The Cost of Ignoring Food Safety
In This Case, a Business Lost Forever
It Could Have Been Avoided
The warnings were there. Before several hundred people got sick eating at a restaurant in Greece, NY, the location had been cited for numerous violations. On November 1, health inspectors reported 18 blue (or non-critical) violations – including mouse droppings in the kitchen, grease and food debris throughout the kitchen, mold on a beverage holder, and leaking containers on the floor of a walk-in cooler.
While many of those issues were resolved by the time the inspector returned, when a different inspector visited the restaurant on November 25, the day after the outbreak occurred, he found three red violations. These serious violations may have led to more than 260 people getting sick at the restaurant in what has since been described as the worst outbreak of foodborne illness in that area’s history.
Taking the Right Safety Precautions
It’s important to have the right procedures in place and to always observe proper food safety precautions. The consequences for not taking these things seriously can often be severe. In the case of the restaurant in this story, the outbreak and subsequent violations led to the restaurant being closed by the Health Department and ultimately the location being put up for sale.
If you want to avoid catastrophic problems like these, you shouldn’t wait for a health inspection to find food safety issues; instead, you should be proactive and seek out potential violations yourself. You should make sure that the proper procedures are not only in place, but actually being followed by all of your workers at all times. In this case, the incident happened on Thanksgiving Day when the restaurant was extremely busy. And, when a place is at its busiest, mistakes are more likely to occur.
Keep in mind that the problems here didn’t just happen overnight. Many of the violations found after the outbreak pointed to long-term issues, such as food being stored at unsafe conditions, heavy deposits of food spills, and a damaged gasket on a walk-in freezer which didn’t allow its door to close tightly. Lax attention to safety is often an on-going issue and one that should be aggressively addressed in any kitchen.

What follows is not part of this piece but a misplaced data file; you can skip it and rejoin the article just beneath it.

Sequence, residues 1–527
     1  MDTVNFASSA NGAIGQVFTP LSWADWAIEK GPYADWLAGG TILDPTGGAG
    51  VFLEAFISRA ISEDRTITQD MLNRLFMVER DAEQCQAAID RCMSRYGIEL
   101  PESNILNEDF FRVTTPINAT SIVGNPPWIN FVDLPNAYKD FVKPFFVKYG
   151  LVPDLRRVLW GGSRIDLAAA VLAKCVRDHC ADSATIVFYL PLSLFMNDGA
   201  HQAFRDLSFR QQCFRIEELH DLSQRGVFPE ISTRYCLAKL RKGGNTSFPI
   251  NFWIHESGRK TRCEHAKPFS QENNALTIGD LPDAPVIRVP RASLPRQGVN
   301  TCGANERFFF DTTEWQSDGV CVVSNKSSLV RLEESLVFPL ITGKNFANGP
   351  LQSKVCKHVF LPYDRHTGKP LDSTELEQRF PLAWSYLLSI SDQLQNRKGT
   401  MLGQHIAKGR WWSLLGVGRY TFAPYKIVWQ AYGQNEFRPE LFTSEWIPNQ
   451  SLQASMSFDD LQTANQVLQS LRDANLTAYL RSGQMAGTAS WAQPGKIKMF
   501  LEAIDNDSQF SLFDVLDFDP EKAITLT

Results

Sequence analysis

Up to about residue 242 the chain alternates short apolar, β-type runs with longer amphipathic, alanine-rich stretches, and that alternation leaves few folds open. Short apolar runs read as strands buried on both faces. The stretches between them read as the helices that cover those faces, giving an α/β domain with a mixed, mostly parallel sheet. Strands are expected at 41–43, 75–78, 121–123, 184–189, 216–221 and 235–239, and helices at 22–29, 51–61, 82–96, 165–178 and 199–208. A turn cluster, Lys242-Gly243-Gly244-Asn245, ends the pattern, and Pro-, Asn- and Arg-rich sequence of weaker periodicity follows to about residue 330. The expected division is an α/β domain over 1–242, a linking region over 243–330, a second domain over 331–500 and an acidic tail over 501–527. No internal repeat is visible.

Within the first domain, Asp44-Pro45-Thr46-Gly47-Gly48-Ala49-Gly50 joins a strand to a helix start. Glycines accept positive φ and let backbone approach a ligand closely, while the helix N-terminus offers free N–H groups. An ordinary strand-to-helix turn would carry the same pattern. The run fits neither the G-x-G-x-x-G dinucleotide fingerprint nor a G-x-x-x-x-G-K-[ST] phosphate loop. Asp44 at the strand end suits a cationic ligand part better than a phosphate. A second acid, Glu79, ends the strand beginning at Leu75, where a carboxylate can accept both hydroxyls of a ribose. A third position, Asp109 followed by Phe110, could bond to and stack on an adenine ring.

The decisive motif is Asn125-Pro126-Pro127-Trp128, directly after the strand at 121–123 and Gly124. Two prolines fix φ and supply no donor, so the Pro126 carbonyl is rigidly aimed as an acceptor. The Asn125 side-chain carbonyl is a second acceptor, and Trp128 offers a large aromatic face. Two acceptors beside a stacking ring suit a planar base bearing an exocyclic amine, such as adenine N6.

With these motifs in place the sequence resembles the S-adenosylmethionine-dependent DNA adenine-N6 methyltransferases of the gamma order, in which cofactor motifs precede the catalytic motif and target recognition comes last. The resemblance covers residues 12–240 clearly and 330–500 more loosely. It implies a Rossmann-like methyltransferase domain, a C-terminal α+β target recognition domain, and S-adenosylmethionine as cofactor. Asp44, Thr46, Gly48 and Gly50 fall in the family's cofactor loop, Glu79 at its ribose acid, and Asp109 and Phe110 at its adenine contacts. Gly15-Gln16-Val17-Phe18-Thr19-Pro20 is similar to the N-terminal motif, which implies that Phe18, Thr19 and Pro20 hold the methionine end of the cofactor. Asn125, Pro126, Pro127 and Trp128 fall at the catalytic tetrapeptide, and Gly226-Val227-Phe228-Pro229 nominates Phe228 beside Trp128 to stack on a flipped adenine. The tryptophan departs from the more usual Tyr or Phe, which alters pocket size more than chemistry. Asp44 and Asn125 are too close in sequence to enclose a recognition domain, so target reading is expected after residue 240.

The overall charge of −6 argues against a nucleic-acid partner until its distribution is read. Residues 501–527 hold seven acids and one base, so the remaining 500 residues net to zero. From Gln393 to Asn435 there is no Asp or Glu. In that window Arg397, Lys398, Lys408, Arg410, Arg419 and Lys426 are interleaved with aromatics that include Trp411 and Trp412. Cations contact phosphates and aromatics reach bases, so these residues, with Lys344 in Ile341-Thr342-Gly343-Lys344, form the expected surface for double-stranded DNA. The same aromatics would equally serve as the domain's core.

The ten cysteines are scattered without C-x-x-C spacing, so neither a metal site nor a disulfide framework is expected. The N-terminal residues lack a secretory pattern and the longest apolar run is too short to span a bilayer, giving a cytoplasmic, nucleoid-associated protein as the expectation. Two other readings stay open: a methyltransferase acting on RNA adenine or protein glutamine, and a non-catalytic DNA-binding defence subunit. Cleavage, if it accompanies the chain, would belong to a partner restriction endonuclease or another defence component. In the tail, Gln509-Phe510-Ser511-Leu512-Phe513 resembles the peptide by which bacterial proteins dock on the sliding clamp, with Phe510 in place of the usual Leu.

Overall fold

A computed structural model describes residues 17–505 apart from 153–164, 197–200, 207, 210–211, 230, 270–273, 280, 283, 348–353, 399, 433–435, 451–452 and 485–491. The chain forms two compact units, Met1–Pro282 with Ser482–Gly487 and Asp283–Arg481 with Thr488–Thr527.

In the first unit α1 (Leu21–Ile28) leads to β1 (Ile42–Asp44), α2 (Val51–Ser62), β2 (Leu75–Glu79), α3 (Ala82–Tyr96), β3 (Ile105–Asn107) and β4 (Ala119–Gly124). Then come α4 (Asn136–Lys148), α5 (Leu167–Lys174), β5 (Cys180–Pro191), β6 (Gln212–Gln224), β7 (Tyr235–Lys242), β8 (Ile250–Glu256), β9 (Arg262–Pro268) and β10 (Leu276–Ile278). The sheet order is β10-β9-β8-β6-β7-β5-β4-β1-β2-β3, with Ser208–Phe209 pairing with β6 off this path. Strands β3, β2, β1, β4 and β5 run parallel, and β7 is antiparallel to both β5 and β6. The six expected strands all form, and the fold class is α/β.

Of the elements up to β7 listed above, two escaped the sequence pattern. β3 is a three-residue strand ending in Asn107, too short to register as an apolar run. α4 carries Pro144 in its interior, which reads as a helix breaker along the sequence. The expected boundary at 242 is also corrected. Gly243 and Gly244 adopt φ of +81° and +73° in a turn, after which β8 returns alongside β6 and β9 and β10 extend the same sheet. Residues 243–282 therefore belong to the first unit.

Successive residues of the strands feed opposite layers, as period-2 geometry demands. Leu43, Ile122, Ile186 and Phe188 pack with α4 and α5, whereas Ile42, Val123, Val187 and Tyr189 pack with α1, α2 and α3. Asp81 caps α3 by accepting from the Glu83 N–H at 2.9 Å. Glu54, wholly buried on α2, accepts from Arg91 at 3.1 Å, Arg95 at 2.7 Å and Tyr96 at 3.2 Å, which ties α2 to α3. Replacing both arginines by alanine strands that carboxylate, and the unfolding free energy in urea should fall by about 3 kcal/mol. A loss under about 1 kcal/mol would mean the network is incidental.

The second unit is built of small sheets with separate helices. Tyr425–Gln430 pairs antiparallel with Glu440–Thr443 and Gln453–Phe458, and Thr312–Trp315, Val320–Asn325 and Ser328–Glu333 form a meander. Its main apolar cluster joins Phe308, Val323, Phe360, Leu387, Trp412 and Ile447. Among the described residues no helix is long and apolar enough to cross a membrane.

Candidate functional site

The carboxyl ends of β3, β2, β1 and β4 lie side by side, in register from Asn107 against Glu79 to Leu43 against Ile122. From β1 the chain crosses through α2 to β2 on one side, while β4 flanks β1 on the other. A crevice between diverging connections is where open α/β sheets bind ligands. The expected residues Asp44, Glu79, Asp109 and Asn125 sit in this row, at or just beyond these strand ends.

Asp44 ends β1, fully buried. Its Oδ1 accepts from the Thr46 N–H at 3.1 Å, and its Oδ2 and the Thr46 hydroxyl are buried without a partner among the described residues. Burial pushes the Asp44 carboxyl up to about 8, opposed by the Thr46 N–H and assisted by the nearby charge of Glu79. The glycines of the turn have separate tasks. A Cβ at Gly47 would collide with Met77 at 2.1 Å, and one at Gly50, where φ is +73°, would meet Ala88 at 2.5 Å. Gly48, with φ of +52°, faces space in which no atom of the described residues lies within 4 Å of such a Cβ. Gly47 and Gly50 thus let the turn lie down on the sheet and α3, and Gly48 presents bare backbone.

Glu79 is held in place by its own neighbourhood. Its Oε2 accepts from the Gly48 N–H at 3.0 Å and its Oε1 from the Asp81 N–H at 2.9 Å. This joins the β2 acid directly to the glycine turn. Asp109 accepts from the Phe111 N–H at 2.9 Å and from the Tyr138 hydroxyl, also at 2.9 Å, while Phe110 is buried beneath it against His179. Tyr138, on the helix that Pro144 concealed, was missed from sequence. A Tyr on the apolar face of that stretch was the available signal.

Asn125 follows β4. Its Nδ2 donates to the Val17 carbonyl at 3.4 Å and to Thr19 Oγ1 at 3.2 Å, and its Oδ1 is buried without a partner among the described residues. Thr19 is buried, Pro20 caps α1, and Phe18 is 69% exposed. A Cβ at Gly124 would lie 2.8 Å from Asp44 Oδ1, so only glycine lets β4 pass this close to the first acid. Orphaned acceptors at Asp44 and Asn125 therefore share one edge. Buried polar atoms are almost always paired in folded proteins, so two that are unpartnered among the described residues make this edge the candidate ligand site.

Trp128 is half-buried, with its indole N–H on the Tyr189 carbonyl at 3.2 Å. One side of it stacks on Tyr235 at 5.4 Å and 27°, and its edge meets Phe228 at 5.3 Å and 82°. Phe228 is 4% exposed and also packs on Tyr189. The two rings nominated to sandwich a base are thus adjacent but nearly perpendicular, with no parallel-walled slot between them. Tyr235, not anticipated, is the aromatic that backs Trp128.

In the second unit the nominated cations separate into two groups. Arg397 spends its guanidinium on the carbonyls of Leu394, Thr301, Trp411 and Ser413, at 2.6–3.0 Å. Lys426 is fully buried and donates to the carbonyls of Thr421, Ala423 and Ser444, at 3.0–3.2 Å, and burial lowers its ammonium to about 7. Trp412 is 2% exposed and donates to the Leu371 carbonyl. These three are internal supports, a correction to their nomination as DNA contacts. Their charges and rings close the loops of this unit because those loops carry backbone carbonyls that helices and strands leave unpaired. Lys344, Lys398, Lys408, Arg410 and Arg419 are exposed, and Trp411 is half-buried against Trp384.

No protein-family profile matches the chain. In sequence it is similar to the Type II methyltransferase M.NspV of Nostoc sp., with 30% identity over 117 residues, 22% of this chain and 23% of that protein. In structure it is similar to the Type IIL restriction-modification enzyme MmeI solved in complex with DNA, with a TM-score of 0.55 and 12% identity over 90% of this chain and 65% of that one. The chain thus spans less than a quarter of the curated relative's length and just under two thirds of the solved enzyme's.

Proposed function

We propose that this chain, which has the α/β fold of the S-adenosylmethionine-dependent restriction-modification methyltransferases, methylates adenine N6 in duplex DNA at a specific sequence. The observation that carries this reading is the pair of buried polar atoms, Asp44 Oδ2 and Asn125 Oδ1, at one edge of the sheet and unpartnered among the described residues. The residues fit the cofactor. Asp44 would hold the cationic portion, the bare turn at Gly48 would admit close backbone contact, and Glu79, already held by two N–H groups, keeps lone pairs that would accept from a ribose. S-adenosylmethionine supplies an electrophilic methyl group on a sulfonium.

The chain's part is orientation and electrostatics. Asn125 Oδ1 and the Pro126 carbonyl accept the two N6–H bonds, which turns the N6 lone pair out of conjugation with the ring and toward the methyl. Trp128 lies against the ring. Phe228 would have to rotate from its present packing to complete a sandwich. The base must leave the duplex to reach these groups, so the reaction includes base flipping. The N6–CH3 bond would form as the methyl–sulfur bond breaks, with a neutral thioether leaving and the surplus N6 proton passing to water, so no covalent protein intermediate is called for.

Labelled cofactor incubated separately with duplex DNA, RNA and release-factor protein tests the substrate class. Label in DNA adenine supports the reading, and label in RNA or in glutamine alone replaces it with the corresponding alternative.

What Could Have Been Done Differently?
The November 1 report mentioned that massive cleaning would have been needed to eliminate the violations and fire hazards. The report also noted that the restaurant was “high risk,” based upon its menu and cooking processes; according to the Monroe Health Department spokesperson, greater complexity means there’s a greater risk of something going wrong.
While the cleanliness issues are certainly a concern, many of the factors most closely associated with foodborne illness relate to food handling; this includes cross-contamination, safe cooking temperatures, proper storage, hand washing, and the health of the staff.
Ultimately, much of this can come down to culture. If your staff doesn’t fully appreciate the importance of food safety, or sees that good standards aren’t being followed, they’re less likely to practice those standards themselves. And, as we’ve learned, when good food safety practices aren’t being followed, the results can be disastrous. Just ask any of the 260 people who got sick after eating at the restaurant.
At Johnston, we hold food safety as our highest priority within the Food Service industry. Whether you are catering an event on-site or off-site, we are committed to providing customized products to help address any potential issue before they arise. Our heritage means years of accumulated industry knowledge, the ability to see the bigger picture, and the know-how to determine the best possible approach.
Combining this mastery with the drive to deliver exceptional results, Johnston goes beyond sales, developing strategic, end-to-end tailored solutions for each customer since 1881.